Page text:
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dc.contributor.authorLondon, Scott
dc.date.accessioned2010-09-29T20:06:31Z
dc.date.available2010-09-29T20:06:31Z
dc.date.issued1993
dc.identifier.citationArizona Anthropologist 10:99-118. © 1993 Association of Student Anthropologists Department of Anthropology, University of Arizona, Tucson, AZ 85721en_US
dc.identifier.issn1062-1601
dc.identifier.urihttp://hdl.handle.net/10150/112064
dc.description.abstractPresidential rhetoric in the United States provides a window into the ideological legitimation of the state, including its military activities abroad. An analysis of rhetorical strategies in George Bush's public speech at the time of the Persian Gulf War reveals how gendered categories are employed to justify the war to the American public. Drawing on a dualistic conceptualization of "good" (hegemonic) versus "bad" (subordinate) masculinities, the President's war narrative describes a "noble" American military pitted against a "bestial" enemy. This process of legitimation is inseparable from a broader "moral regulation" of American society in which gendered identities are selectively cultivated and marginalized. Presidential rhetoric helps to reify these identities, which become, in turn, indispensable to the war effort.
dc.language.isoen_USen_US
dc.publisherUniversity of Arizona, Department of Anthropologyen_US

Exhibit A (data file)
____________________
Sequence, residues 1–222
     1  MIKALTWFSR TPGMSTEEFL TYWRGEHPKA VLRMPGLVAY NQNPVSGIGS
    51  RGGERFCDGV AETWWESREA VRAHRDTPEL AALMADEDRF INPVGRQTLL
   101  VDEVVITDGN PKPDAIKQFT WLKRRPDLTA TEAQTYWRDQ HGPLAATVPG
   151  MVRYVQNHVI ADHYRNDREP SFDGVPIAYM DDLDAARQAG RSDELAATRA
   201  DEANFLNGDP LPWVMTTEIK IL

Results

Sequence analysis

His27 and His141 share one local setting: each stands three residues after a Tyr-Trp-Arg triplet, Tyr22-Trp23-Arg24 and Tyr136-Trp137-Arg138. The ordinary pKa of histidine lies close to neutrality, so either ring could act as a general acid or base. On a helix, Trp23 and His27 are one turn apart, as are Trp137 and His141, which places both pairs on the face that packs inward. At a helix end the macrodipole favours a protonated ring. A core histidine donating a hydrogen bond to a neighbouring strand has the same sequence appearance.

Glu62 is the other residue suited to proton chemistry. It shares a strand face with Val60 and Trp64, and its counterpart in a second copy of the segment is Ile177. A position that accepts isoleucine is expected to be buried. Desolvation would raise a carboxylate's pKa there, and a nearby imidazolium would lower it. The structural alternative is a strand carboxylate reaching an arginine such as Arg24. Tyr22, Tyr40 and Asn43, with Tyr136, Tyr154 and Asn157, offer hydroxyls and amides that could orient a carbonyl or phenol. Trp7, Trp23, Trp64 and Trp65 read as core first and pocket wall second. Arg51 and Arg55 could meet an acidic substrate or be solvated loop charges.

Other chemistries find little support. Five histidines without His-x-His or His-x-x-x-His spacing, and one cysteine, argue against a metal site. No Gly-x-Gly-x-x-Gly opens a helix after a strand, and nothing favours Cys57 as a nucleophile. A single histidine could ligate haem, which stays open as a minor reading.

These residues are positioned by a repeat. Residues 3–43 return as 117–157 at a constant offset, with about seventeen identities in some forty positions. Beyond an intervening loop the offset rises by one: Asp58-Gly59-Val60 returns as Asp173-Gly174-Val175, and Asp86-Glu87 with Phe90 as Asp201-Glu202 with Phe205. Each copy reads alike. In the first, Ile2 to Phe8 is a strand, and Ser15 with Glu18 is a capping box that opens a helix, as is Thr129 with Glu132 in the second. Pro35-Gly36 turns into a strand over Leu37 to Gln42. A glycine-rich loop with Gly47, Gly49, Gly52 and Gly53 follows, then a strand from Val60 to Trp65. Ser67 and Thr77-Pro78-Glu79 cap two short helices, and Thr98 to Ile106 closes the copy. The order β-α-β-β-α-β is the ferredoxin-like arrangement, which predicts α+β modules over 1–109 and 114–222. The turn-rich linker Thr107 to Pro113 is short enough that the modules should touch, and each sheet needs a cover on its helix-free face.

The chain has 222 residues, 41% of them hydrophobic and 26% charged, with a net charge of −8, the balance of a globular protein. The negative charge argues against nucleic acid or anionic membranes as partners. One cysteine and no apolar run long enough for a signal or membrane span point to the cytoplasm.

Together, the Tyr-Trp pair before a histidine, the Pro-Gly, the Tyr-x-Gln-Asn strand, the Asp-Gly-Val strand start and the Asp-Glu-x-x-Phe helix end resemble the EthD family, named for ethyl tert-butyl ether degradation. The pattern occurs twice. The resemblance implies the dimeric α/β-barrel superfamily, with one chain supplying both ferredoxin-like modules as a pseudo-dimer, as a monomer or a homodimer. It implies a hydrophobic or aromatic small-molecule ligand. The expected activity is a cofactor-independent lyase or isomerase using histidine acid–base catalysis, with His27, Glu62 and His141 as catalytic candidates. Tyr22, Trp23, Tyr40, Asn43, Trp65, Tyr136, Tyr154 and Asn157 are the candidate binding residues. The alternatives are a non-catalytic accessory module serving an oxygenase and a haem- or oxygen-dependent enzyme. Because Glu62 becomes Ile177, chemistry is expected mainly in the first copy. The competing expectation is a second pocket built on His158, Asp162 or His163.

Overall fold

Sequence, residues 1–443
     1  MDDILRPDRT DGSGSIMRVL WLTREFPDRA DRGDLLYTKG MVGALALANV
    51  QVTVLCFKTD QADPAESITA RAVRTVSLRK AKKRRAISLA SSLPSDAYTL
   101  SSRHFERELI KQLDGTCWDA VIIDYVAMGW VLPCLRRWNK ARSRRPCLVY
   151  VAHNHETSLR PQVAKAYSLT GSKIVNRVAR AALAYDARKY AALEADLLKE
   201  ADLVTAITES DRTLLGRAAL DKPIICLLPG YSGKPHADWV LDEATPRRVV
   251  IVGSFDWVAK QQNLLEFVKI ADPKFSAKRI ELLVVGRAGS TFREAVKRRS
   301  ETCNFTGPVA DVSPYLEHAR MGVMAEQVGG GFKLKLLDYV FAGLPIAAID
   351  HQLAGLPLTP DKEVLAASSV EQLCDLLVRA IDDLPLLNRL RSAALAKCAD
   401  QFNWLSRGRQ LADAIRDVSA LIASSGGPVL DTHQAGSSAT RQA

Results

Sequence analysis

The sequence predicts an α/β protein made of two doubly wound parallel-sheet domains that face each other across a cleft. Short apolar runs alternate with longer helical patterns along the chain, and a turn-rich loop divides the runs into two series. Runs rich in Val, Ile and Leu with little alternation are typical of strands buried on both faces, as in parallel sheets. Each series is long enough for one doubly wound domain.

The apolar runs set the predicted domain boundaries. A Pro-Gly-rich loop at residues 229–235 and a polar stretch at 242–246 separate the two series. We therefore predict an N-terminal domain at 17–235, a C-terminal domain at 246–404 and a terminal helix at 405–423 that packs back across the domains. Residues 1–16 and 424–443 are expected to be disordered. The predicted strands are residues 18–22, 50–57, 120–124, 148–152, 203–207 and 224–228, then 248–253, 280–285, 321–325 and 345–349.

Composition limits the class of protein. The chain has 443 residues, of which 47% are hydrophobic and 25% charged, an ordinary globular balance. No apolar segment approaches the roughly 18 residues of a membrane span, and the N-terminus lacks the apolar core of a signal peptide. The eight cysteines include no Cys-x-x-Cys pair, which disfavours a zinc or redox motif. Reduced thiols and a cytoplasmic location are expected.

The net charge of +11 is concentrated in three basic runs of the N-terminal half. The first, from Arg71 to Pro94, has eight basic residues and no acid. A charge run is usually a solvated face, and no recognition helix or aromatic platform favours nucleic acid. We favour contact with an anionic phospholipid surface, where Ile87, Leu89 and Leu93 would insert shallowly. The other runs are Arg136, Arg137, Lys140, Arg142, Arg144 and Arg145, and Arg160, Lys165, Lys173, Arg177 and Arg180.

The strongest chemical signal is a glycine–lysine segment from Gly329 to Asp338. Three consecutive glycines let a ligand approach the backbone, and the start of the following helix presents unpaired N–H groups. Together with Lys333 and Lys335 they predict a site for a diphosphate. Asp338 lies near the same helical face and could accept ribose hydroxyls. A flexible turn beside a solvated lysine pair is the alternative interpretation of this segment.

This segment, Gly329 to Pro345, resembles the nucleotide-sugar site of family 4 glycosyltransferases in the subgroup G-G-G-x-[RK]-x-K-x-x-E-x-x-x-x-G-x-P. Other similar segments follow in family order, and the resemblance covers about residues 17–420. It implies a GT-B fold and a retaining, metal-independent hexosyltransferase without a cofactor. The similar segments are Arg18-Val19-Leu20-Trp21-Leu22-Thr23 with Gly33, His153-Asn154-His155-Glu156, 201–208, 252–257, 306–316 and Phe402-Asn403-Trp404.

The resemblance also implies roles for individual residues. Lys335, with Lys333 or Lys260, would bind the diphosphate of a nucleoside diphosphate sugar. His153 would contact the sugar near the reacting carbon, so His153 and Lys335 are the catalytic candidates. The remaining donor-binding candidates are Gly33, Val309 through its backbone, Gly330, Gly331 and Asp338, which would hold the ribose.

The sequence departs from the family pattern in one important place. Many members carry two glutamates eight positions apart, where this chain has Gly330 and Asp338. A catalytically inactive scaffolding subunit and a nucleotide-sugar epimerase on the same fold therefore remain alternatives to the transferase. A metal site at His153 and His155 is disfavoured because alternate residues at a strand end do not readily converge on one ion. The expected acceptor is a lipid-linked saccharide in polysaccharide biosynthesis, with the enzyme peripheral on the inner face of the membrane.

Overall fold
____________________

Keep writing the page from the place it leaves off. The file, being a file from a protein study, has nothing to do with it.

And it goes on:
dc.titleGendered Categories in Presidential Rhetoric: Legitimation and the Gulf Waren_US
dc.typeArticleen_US
dc.identifier.journalArizona Anthropologisten_US
refterms.dateFOA2018-08-21T20:01:11Z
html.description.abstractPresidential rhetoric in the United States provides a window into the ideological legitimation of the state, including its military activities abroad. An analysis of rhetorical strategies in George Bush's public speech at the time of the Persian Gulf War reveals how gendered categories are employed to justify the war to the American public. Drawing on a dualistic conceptualization of "good" (hegemonic) versus "bad" (subordinate) masculinities, the President's war narrative describes a "noble" American military pitted against a "bestial" enemy. This process of legitimation is inseparable from a broader "moral regulation" of American society in which gendered identities are selectively cultivated and marginalized. Presidential rhetoric helps to reify these identities, which become, in turn, indispensable to the war effort.


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